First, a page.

The Centers for Medicare & Medicaid Services issued waivers for some Emergency Medical Treatment & Labor Act (EMTALA) requirements, acknowledging certain expectations are not reasonable to achieve during a pandemic. However, EMTALA still applies.
There are some situations in which hospitals violate EMTALA, or the standard of care, by making unreasonable transfer arrangements that result in untoward outcomes. Potential liability exposure for the transferring hospital makes it important to document that the closer hospitals rejected the transfer and why the benefits of transferring the patient to a particular hospital outweigh the risks.
The case of Moses v. Providence Healthcare System is a good illustration of how a court can interpret the Emergency Medical Treatment and Labor Act in a surprising way, says Ann Lambrecht, RN, BSN, JD, FASHRM, senior risk specialist with Coverys, a Boston-based company that provides insurance, risk management, and claims service for caregivers who are located in the Northeast.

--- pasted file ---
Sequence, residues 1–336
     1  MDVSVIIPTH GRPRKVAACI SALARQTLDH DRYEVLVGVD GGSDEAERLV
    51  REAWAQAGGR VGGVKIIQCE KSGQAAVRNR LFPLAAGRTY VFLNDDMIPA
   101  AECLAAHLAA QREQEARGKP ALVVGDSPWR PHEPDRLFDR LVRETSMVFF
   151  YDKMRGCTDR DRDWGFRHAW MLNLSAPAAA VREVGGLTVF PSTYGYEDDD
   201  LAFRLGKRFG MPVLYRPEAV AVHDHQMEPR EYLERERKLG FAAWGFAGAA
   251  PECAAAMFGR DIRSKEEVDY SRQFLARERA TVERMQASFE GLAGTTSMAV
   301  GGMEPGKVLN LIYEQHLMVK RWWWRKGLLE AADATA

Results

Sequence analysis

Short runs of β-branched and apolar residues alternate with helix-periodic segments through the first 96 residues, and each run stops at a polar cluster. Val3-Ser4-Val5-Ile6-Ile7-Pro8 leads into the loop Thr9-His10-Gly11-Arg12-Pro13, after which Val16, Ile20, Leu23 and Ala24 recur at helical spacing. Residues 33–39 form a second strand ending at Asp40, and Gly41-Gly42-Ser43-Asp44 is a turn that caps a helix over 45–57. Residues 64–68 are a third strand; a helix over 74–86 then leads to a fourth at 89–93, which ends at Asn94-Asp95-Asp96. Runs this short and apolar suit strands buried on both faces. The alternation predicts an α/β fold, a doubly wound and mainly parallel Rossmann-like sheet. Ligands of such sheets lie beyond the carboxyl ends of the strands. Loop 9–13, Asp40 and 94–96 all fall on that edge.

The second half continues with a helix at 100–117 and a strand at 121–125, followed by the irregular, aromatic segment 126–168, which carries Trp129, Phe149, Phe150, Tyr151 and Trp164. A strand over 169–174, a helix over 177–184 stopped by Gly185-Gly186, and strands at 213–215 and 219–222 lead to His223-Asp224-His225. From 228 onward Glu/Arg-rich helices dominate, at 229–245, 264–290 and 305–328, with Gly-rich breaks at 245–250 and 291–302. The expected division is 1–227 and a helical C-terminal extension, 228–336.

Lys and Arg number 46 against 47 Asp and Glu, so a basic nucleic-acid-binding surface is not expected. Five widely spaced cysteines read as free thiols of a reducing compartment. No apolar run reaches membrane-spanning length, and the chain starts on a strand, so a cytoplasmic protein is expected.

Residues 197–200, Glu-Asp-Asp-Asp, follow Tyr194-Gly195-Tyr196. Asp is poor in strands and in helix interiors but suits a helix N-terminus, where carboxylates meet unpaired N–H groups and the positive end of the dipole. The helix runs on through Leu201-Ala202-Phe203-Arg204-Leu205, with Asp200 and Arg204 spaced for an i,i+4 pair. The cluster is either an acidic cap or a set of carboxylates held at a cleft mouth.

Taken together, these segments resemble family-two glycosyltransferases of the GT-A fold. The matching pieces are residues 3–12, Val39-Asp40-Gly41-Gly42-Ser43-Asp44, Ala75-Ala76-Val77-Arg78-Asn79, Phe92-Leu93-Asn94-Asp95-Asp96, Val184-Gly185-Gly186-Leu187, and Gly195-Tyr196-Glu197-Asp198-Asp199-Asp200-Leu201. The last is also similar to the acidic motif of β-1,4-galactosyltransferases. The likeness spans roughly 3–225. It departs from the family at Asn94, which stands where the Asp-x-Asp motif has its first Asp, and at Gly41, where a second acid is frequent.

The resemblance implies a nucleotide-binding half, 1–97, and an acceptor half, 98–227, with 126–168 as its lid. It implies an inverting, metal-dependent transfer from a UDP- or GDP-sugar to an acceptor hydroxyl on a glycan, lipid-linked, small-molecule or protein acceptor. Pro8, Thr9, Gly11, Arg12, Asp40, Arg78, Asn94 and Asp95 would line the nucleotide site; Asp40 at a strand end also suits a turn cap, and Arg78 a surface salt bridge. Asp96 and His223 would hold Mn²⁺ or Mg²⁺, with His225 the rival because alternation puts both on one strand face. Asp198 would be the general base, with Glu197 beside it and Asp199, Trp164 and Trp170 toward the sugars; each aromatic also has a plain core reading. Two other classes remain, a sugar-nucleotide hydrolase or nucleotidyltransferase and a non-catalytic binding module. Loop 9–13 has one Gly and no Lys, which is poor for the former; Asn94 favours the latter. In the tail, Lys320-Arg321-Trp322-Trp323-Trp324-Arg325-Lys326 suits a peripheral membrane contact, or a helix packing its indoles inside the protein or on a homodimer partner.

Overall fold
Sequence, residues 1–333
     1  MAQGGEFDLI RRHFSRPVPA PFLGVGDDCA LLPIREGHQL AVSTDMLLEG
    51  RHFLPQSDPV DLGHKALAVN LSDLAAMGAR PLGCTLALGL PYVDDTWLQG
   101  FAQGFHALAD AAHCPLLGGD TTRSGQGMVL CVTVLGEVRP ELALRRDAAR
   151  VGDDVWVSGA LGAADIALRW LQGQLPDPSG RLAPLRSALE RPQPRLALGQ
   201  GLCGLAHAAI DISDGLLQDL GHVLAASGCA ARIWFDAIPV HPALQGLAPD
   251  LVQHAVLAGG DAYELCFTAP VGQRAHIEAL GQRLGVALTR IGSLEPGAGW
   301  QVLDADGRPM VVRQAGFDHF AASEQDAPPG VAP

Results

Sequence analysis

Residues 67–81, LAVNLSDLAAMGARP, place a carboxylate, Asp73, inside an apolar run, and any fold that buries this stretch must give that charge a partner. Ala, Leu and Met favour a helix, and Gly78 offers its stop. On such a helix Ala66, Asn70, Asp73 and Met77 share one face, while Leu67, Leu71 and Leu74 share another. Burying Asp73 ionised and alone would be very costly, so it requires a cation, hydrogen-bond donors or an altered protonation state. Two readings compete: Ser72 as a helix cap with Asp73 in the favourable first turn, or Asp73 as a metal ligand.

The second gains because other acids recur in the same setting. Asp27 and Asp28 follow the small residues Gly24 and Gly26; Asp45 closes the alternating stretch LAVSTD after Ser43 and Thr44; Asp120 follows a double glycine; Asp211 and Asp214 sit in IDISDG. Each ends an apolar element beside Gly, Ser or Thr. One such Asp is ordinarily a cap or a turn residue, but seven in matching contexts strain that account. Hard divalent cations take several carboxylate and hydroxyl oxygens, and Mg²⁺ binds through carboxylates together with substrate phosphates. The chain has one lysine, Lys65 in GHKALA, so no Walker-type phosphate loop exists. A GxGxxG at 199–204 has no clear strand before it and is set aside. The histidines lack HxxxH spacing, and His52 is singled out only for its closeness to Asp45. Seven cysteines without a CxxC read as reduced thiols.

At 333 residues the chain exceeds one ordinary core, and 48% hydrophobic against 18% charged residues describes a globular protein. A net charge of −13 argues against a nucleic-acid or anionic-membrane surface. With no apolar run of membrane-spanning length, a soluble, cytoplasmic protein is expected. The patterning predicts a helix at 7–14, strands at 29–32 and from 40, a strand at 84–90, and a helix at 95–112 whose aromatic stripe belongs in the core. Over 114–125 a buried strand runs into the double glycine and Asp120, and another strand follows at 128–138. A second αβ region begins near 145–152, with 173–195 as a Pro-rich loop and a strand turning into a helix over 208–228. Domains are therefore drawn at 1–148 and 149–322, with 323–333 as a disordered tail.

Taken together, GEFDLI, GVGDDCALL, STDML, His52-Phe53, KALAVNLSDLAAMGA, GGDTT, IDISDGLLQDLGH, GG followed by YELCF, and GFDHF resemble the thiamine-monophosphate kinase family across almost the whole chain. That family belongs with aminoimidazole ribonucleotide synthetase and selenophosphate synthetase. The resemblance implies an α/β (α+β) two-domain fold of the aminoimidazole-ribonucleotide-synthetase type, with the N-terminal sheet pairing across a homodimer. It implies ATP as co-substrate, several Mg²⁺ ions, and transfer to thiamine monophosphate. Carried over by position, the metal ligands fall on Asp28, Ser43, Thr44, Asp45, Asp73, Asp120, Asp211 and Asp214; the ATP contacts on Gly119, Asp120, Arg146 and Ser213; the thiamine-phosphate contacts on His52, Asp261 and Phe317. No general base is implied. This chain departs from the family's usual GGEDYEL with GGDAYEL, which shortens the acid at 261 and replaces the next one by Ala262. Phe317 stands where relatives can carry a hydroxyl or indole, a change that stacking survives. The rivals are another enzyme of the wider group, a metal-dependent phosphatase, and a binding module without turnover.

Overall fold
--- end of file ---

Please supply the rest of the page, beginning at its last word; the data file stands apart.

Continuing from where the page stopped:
The Kentucky Supreme Court recently affirmed an award of punitive damages against a hospital for violating the Emergency Medical Treatment and Labor Act that was 386 times the hospital’s share of compensatory damages. The jury originally awarded $1.5 million in punitive damages against the hospital, which was later reduced to $1.45 million.
To comply with the Emergency Medical Treatment and Labor Act, patient access leaders at Wall Township, NJ-based Meridian Health keep the emergency department registration process “clear and simple,” says access services trainer Donna J. Roettger, CHAA.